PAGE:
“It’s a letter from a man by the name of Augustus Worme. He works for Obscurus Books, a sort of up and coming publisher. He wishes to commission me to write a book about magical creatures the world over.” Newt’s hands shake a bit. “I’m thinking about taking him up on it, on getting the hell out of that Ministry job. I’m sure my parents won’t approve, but…” he drifts off. Then, he leans in and whispers, hushed and conspiratory, “I don’t care. This is something I want a great deal, and I’ll be paid so much more for it. Just to do what I love. I just—I just want to know, before I agree, where you’ll fit into all of this.”

He cups Jacob’s cheek, takes refuge in the warmth there, the stubble growing in already. Maybe Jacob will finally show him how to “shave properly.” Maybe Jacob will still want him. He tilts his head to the side. “So wake up soon, okay?”




Newt wakes to the sound of groaning and the bed shifting beneath his head, and it’s a moment before he realizes he had fallen asleep sometime in the night, exhausted even though he hasn’t done much beside walk and talk and worry. It takes him another to realize that Jacob is moving, that it’s been six days and he’s finally waking up. He sits up straight and waits with bated breath as Jacob hums and sighs before opening his eyes.

"Hey," he croaks out.

"Hello," Newt says back helplessly, his hands twisting in the fabric of his trousers to avoid touching Jacob like he wants to. Happiness and relief bubble in his stomach, anything else temporarily outshined.

"I had the weirdest dream about you and some kind of magic stick and a weird looking elf creature."

Newt laughs, slightly strangled. His worry and apprehension rush back full throttle. And this is where he decides, isn’t it. Does he tell him everything? Does he pass it off as the dream Jacob thinks he had? Either way, he refuses to erase the man’s memories despite his father’s orders, the expectations on him as a law-abiding citizen under the Ministry.

All he has to do is take one look at the fond smile on Jacob’s tired face though, and he tells him. It’s slightly harder to talk to the older man, now that he’s awake, but he’s able to get it all out, about magic, how it fits into the world, the rules that users must live by, how magic is an inherent part of Newt, something that will never go away, can never be taken away. And with everything said, he watches as Jacob’s eyes grow wider and wider, his mouth falling open in surprise.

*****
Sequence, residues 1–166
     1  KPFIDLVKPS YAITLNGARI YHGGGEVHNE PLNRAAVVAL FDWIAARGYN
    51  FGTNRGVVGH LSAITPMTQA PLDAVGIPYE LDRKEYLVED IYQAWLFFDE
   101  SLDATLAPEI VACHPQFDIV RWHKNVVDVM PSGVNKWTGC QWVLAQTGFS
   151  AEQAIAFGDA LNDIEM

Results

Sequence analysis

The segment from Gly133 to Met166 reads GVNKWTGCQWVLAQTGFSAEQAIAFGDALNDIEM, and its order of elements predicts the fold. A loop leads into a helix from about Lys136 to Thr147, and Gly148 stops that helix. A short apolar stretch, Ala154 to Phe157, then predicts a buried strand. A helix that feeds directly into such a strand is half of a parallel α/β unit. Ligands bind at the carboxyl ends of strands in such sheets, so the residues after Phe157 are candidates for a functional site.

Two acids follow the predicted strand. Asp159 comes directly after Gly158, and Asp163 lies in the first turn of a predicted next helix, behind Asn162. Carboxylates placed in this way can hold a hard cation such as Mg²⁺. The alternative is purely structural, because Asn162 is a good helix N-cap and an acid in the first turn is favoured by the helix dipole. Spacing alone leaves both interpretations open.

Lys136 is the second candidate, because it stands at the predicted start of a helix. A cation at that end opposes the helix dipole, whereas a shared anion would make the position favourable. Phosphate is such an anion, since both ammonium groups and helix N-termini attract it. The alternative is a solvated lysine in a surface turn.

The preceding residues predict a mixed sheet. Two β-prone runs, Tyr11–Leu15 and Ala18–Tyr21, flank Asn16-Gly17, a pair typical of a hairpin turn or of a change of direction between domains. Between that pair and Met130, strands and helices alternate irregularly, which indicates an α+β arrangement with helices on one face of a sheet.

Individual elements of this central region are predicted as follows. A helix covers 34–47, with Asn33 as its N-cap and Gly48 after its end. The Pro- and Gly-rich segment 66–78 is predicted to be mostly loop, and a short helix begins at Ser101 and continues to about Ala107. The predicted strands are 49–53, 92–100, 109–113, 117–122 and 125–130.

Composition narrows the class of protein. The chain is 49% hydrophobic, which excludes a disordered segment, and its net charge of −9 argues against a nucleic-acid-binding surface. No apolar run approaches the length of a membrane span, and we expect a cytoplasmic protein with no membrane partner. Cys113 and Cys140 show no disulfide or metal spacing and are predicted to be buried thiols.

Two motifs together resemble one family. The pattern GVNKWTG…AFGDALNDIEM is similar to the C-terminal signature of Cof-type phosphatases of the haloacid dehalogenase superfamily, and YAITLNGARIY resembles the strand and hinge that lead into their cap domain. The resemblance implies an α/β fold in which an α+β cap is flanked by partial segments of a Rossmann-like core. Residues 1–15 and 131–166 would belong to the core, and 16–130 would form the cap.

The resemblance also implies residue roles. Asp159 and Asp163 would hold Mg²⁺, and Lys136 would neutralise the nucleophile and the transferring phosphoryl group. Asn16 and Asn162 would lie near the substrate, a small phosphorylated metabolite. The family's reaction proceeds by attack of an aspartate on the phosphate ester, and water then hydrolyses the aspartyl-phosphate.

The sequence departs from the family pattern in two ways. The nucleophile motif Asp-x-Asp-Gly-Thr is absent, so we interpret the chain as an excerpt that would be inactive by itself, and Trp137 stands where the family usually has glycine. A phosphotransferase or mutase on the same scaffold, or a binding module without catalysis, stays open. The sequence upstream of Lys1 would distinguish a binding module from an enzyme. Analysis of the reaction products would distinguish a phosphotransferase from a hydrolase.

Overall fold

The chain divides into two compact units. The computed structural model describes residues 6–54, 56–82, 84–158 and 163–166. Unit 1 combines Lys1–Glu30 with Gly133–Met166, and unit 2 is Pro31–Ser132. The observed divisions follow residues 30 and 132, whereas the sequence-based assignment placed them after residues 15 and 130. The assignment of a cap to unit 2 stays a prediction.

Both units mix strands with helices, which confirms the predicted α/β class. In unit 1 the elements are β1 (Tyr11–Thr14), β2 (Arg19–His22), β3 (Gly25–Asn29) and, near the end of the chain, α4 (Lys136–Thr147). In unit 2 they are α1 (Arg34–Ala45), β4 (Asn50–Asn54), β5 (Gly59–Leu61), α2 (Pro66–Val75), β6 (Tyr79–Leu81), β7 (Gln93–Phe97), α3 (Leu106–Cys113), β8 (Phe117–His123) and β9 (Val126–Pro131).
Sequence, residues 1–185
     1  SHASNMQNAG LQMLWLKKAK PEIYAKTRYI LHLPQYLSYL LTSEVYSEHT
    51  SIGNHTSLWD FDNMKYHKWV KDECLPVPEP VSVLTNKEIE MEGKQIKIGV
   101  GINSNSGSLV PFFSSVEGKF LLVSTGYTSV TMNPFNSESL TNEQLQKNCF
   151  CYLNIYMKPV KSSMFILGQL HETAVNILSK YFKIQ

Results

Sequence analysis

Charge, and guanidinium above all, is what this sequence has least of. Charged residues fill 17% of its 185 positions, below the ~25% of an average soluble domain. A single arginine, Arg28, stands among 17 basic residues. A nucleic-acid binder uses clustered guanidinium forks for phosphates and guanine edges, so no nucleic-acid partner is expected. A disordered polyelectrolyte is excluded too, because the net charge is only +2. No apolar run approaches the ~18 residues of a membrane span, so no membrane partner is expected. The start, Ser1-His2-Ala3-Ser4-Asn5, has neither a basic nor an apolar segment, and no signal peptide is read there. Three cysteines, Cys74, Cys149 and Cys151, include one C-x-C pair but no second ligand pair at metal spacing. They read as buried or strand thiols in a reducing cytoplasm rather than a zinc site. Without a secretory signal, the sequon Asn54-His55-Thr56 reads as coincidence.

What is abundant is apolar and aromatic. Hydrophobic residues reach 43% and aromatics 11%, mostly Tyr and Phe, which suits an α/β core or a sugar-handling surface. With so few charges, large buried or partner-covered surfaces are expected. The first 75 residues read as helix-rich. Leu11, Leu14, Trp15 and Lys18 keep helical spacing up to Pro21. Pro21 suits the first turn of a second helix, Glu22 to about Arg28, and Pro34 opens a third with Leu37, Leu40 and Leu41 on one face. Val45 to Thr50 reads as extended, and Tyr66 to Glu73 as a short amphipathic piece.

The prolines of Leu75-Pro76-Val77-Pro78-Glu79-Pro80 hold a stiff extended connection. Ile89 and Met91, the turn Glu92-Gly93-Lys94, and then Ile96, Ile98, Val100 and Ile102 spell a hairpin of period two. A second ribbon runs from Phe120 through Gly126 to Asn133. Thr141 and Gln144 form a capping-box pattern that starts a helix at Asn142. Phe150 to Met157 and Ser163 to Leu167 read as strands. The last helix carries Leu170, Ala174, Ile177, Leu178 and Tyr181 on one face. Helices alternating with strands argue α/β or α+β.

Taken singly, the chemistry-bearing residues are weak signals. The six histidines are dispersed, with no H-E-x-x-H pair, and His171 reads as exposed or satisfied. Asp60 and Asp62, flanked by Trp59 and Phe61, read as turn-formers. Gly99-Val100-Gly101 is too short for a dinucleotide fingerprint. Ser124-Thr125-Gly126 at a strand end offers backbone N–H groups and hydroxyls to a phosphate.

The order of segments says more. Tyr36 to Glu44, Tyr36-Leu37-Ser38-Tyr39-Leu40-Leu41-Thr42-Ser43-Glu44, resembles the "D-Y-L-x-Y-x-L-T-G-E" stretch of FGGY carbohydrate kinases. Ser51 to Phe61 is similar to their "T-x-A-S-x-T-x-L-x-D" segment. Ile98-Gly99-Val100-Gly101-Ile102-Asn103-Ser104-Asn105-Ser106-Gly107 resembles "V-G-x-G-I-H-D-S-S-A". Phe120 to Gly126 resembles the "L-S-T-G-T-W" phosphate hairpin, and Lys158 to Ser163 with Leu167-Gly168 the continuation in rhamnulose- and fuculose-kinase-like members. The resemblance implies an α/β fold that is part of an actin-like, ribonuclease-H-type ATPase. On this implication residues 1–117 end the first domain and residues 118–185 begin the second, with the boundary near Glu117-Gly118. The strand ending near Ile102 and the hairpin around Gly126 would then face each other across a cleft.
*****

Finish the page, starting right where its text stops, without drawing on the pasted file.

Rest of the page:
“I’m sorry, it’s just—I couldn’t tell you, for obvious reasons. I don’t even know if you believe me…” Newt trails off.

Jacob looks a bit dazed, but he shakes his head. “So, wait a second. Magic is real?”


“Does that mean all of those, those beasts and creatures—they’re all real too?”


Jacob blows out a heavy breath and looks at the roof of the canopy. Then, he whistles, long and slightly awed. “Damn. So, that means dragons are real?”

Newt nods.

“And hippogriffs?”

“And so are Cornish pixies and unicorns and fairies and griffins—everything I’ve told you about, I know because they’re real, and I’ve probably worked with them. And if I haven’t worked with them, I’ve definitely read something about them.” He looks at Jacob helplessly, raising his hands up. “That’s what I did for a living. What I’m hoping to continue doing. I’m a magizoologist. I work with magical creatures.”

Jacob blinks. Then, like a spark catching, he grins, snapping his fingers. “That explains the rations!”

“What?” Newt asks faintly, unsure of the jump in logic.

“Yeah! I had thought I was going crazy because I only had enough jerky and biscuits to last us, maybe, two weeks if we didn’t eat too much, but they lasted all that time we were out there!”


“And the water—?” But here Jacob looks less confident.

“An undetectable expansion charm.”

“…Ah, I see.”


Jacob quiets down to look at Newt intently.

Newt sits tensely, his gaze averted, waiting for some kind of blow back. There has to be some line, and surely Newt has crossed it? But Jacob just nods, like he’s finally finished a hard puzzle, and says, “You’re pretty amazing, Newt.”

The tension in Newt eases at this, his shoulders sagging at the lack of anger or feelings of betrayal from Jacob, and he can feel himself flush as he always does under Jacob’s compliments. He ducks his head. But there’s still something bothering Newt, still something he wants to address. But should he wait until later, another time? Would it be too much to bring this up now?

He decides that it is, and instead turns the conversation in another direction. “The war has ended, you know.”

Jacob freezes. “What?”

“You were out for six days. The armistice was signed just two days ago, November 11th. The Allies won.” He smiles, rueful and pinched. “My brother brought home the good news yesterday evening.”